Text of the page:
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Kickstarter Marketing Basics

Updated: May 21

How to start driving traffic and sales for your Kickstarter campaign with the marketing basics

So, you've made your Kickstarter page (If you've not made your page yet, take a look how easy it is here!), set up your social media channels and posting online (check out my tips on how to create engaging social posts) and decided on a launch date. But now you need to start getting people interested in your game and getting their attention to become day one backers.

The bulk of your Kickstarter marketing efforts should ideally be completed well before your official launch date.

Kicking off with a strong start can increase your chances of a successful campaign (If you raise at east 30-40% in the first 24 hours, you're more likely to become fully funded by the end of your campaign) and being featured as a popular campaign, essentially giving you free visibility within the Kickstarter community.

Here are some Kickstarter marketing basics that can increase your chances of a successful launch before you go live:

  • Make a pre-launch landing page (or Kickstarter pre-prelaunch page).

  • Use email marketing.

  • Use paid ads.

  • Reach out to Indie channels for reviews.

Pre-launch landing page

There are two ways you can go about this.

Option 1: Create a landing page that shows off your game, branding and design skills.


Option 2: Use Kickstarter's pre-launch page. It's super easy to set up and requires barely any effort at all.

Option 1: Creating your own landing page

This is my preferred option. It gives you the chance to show off your game in more detail and give you the benefit of collecting email address that you can use for email marketing (we'll get on to that soon).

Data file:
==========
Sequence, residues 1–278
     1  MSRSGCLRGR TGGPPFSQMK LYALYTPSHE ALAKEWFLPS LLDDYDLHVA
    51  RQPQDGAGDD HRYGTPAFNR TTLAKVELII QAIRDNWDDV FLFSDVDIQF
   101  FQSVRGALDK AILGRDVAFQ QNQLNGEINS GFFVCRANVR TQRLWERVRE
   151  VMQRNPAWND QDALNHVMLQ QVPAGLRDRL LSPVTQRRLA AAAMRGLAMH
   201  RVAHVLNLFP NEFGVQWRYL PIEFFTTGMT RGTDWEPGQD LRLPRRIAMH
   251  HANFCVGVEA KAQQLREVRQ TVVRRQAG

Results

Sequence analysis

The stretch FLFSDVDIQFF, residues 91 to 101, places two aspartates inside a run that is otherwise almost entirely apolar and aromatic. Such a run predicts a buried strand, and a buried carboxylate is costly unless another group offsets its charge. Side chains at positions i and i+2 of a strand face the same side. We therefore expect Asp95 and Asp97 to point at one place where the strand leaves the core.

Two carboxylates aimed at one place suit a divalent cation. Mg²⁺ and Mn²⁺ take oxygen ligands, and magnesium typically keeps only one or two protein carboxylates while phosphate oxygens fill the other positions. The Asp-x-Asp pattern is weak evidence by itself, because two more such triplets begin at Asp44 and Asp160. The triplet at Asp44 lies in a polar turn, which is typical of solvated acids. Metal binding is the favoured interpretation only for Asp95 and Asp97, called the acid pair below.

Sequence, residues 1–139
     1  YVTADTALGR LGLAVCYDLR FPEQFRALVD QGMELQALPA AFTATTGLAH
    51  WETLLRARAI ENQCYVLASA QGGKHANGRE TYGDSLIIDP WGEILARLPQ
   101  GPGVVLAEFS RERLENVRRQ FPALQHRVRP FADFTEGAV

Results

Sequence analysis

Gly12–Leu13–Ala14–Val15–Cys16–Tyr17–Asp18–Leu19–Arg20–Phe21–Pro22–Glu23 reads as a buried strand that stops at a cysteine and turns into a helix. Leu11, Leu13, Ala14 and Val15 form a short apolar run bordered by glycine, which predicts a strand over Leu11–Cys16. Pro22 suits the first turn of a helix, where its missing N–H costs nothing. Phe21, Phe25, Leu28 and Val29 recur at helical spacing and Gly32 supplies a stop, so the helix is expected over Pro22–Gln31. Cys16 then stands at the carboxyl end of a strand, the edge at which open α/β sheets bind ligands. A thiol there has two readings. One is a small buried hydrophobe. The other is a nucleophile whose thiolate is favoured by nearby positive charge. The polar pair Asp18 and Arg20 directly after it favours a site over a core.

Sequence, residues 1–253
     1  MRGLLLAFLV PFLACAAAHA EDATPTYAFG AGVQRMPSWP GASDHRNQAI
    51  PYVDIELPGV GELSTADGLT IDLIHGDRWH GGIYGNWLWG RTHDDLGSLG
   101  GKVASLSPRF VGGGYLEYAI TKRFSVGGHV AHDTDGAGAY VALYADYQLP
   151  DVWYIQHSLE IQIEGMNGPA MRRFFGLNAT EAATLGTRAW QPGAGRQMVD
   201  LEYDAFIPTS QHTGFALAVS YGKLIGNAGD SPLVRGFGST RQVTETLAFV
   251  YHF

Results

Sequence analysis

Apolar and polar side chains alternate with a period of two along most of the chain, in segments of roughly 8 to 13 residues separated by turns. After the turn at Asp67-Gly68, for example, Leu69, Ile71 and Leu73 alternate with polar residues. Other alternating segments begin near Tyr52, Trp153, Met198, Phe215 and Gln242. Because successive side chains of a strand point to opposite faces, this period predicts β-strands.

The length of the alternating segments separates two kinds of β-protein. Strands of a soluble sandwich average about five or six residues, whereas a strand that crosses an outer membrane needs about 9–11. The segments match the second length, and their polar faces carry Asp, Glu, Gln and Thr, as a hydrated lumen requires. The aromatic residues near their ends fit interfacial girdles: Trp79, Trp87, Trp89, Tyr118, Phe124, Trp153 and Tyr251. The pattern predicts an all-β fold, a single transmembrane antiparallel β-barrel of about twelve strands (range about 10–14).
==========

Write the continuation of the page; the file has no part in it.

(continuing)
A landing page serves as a single page where you can direct traffic during your pre-launch. I wouldn't view a landing page as your 'official website' as its only purpose is to get viewers to learn more about your game and sign up with their email address in a simple, one page design. Design is a secondary consideration here, as your main purpose is conversions (sign ups). In order for people to sign up, you need to offer an incentive to your potential backers - So get creative, sometimes 'save XX% discount' just doesn't cut it anymore, as you're going to offer the discount on Kickstarter anyway. Why not offer subscribers an exclusive in-game reward?

Pre-launch landing page example

This option can be low cost-effective (depending on your budget scale and platform choice) and 'no-code-required' website building tools offer visually appealing landing page templates. These options include platforms like Wix, Squarespace, Mail Chimp, and Shopify.

Your page should use the following layout:

  • Headline

  • Tagline or Summary

  • Sign up fields (usually just first name & email address).

  • 3 Features or USPs (Unique Selling Points)

You can add more to show off more aspects of your game like the story, game play or characters, but the best practises is usually 'the shorter the better'.

In short, here's the pros and cons of a landing page.


- Used to collect email address for email marketing.

- More design focused.

- Modular and easy to build (with selected websites).

- Great to use for marketing.


- More time consuming to get right.

- Set up and creation time.

Option 2: Kickstarter pre-launch page

To start kicking things off with a Kickstarter pre-launch page, you have to have your page approved by Kickstarter. This could take a couple of days and you need to have enough content on your page to show that your game is legit. Once you submit your page, you can still edit it before going live.

The Kickstarter pre-launch page is very simple in design. It's a way to get people notified that your campaign is live without the hassle of a fully designed landing page (and its free!).

The downside to a Kickstarter pre-launch page, is that anyone who lands on the page and wants to pre-save, they have to make a Kickstarter account.

Kickstarter pre-launch page